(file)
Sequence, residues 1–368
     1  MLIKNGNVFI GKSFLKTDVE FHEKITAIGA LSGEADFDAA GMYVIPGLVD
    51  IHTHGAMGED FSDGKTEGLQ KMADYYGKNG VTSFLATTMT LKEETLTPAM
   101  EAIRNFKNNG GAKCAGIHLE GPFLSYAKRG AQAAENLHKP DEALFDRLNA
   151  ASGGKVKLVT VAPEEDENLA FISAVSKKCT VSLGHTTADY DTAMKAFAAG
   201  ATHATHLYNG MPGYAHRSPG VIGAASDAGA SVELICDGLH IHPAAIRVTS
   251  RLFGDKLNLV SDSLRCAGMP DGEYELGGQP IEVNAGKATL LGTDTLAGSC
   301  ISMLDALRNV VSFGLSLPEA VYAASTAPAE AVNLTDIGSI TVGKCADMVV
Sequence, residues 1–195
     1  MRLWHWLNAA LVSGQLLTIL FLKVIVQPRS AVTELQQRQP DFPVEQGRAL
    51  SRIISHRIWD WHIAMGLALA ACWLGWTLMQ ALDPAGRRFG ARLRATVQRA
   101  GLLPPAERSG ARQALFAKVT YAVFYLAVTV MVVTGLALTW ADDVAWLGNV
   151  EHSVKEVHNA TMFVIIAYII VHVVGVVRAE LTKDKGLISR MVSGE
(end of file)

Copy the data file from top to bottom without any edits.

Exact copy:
Sequence, residues 1–368
     1  MLIKNGNVFI GKSFLKTDVE FHEKITAIGA LSGEADFDAA GMYVIPGLVD
    51  IHTHGAMGED FSDGKTEGLQ KMADYYGKNG VTSFLATTMT LKEETLTPAM
   101  EAIRNFKNNG GAKCAGIHLE GPFLSYAKRG AQAAENLHKP DEALFDRLNA
   151  ASGGKVKLVT VAPEEDENLA FISAVSKKCT VSLGHTTADY DTAMKAFAAG
   201  ATHATHLYNG MPGYAHRSPG VIGAASDAGA SVELICDGLH IHPAAIRVTS
   251  RLFGDKLNLV SDSLRCAGMP DGEYELGGQP IEVNAGKATL LGTDTLAGSC
   301  ISMLDALRNV VSFGLSLPEA VYAASTAPAE AVNLTDIGSI TVGKCADMVV
Sequence, residues 1–195
     1  MRLWHWLNAA LVSGQLLTIL FLKVIVQPRS AVTELQQRQP DFPVEQGRAL
    51  SRIISHRIWD WHIAMGLALA ACWLGWTLMQ ALDPAGRRFG ARLRATVQRA
   101  GLLPPAERSG ARQALFAKVT YAVFYLAVTV MVVTGLALTW ADDVAWLGNV
   151  EHSVKEVHNA TMFVIIAYII VHVVGVVRAE LTKDKGLISR MVSGE